So, what is it with women and computing, and why don't games work? Are they not "fun enough?"
A recent article in the NY Times appears to address this ongoing question,as have many others (including SIGCSE 2008). Mark Guzdial addressed this recently on his blog (with some interesting comments).
Not that I want to start trouble, but I really believe we should monitor such issues of diversity as they indicate barriers to education may exist -- note, I wrote "may exist." There is a difference between correlation and causality (I know you already know, just a reminder, ya' know :-).
Mark is also correct about the limits of our statements about effectiveness of any tool or pedagogy.
What I like most about the article and one of the comments from Mark's post is that it is OKfor women (actually anyone) to not select computing as long as it is a fair, barrier-free choice (i.e., it's all about accessibility). Instead of starting with diversity, we should be using it as the indicator that something might be wrong with access, but not a conclusion. Also, by focusing on access, we are not only addressing diversity (i.e., access for the under-represented), by also trying to find ways to deliver education to all -- and thus true diversity.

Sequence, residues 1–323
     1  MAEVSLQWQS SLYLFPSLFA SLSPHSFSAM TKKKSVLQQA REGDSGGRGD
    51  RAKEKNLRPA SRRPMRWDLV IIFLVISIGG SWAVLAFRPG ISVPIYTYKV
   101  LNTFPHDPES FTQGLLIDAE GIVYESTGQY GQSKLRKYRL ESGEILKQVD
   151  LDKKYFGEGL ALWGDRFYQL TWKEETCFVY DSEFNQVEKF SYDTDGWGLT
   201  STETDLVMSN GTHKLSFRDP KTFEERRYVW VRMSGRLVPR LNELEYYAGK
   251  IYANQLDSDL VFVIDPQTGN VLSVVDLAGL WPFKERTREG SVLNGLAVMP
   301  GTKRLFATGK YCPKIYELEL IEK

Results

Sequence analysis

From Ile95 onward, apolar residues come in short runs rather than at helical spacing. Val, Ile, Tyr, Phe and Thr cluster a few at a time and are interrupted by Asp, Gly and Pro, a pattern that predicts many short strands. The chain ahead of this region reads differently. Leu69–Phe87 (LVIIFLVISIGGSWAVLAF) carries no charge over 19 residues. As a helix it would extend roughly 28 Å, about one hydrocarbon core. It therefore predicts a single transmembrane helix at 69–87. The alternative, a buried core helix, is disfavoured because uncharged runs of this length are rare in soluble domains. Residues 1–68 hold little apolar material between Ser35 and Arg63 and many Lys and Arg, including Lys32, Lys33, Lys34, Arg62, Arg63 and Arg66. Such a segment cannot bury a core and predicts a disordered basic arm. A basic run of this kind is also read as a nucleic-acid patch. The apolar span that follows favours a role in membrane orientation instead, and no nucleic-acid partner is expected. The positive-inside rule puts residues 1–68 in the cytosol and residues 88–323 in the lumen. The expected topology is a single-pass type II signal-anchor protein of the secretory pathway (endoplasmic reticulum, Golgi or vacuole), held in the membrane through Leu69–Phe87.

And what's the thing with games? Instead of looking for a silver bullet in teaching, games appear to be a viable alternative for many students. Perhaps we should be looking to increase the toolkit for educators, as well as the guidance on the context to effectively use each tool.
Often the best way to teach is to provide examples; here is an article with a set of role models for women on the web -- Marissa Mayer is featured here as well.